|Large shoestring Acacia. Some are more upright than others while others are more rounded. This is because of how they were propagated, grown and location.|
Q. I have a tall (40-50ft) shoestring Acacia tree that is too close to the house. The leaves accumulate on my flat roof and clog the scuppers. This has caused interior flooding on occasion as the water overwhelms the vents and skylights. My question is, can this tree be topped or does it need to be removed.
A. Yes, you can reduce the height of this tree. There is a pruning technique to lower its height called “drop-crotching” which is very different from topping. Topping is extremely damaging to trees while “drop-crotching” lowers the height of a tree while maintaining the tree’s form as much as possible.
Very large trees cannot be reduced in size to very small trees. There is a limit how much a tree can be reduced in size by drop-crotching. When lowering the size of very large trees dramatically, reduce their size over a period of several years rather than doing it in one season.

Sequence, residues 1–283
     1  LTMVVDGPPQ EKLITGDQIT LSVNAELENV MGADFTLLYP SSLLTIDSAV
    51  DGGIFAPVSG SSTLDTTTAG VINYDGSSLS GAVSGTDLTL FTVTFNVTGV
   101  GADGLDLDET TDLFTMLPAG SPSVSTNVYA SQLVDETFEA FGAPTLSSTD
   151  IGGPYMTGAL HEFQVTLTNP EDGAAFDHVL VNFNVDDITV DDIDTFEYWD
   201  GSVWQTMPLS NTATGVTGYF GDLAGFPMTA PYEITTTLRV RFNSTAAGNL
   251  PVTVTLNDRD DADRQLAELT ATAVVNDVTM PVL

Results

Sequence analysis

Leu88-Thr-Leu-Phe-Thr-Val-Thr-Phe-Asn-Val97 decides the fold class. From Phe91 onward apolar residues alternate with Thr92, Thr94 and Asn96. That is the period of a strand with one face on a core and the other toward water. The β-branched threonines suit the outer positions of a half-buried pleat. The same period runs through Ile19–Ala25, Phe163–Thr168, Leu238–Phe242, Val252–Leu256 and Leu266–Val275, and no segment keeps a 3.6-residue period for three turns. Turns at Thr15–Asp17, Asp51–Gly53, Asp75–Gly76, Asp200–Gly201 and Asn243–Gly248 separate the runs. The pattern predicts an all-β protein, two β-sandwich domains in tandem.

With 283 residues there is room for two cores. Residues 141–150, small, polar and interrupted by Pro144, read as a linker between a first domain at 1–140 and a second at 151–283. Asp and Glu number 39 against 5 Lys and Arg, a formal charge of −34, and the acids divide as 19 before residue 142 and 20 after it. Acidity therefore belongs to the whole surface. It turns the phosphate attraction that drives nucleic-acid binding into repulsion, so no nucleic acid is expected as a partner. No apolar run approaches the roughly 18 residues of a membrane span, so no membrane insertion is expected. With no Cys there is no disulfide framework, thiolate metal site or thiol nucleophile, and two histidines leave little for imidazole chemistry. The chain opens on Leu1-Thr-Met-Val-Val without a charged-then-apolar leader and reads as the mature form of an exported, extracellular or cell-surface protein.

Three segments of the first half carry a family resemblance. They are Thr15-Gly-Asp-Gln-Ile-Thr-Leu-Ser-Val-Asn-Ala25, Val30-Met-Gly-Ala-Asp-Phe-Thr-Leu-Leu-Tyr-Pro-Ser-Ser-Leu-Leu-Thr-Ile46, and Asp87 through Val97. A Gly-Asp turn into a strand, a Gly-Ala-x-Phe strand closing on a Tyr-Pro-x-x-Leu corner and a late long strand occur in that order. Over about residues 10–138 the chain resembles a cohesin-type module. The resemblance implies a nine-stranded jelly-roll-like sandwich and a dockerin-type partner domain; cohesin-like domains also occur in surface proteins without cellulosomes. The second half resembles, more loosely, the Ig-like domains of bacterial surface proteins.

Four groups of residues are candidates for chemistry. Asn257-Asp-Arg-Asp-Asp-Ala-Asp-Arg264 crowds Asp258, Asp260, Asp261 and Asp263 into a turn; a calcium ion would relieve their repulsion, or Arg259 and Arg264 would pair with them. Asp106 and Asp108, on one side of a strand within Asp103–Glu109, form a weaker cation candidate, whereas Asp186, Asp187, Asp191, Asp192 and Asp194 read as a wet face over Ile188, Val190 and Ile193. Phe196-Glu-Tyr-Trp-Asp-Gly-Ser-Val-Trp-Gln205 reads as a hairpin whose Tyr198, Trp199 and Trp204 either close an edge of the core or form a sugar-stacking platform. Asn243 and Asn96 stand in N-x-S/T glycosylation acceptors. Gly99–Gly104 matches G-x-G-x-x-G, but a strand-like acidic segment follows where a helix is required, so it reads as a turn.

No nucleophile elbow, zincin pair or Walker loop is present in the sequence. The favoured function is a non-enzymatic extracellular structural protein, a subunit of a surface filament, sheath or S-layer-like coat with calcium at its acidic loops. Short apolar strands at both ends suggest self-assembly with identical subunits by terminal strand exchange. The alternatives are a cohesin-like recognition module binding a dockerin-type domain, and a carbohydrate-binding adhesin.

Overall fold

|This is not the same tree but it was done by the same pruning crewon a tree close by.. These cuts were made in the wrong locations on the tree with absolutely horrendous care.|
When drop-crotching a tree you need to find very specific spots to cut where the form of the tree is not totally destroyed.
You would first identify the vertical branches providing the most height. Trace these vertical branches to lower side branches. Remove the vertical branches just above the juncture with the side branches.
You would repeat this at all of the locations that contribute to its unwanted height. By pruning in this fashion, you will retain as much of the trees natural form as possible.
A guide to drop-crotching can be found http://pubs.ext.vt.edu/430/430-458/430-458.html
If drop-crotching is not acceptable then removal is the only other option.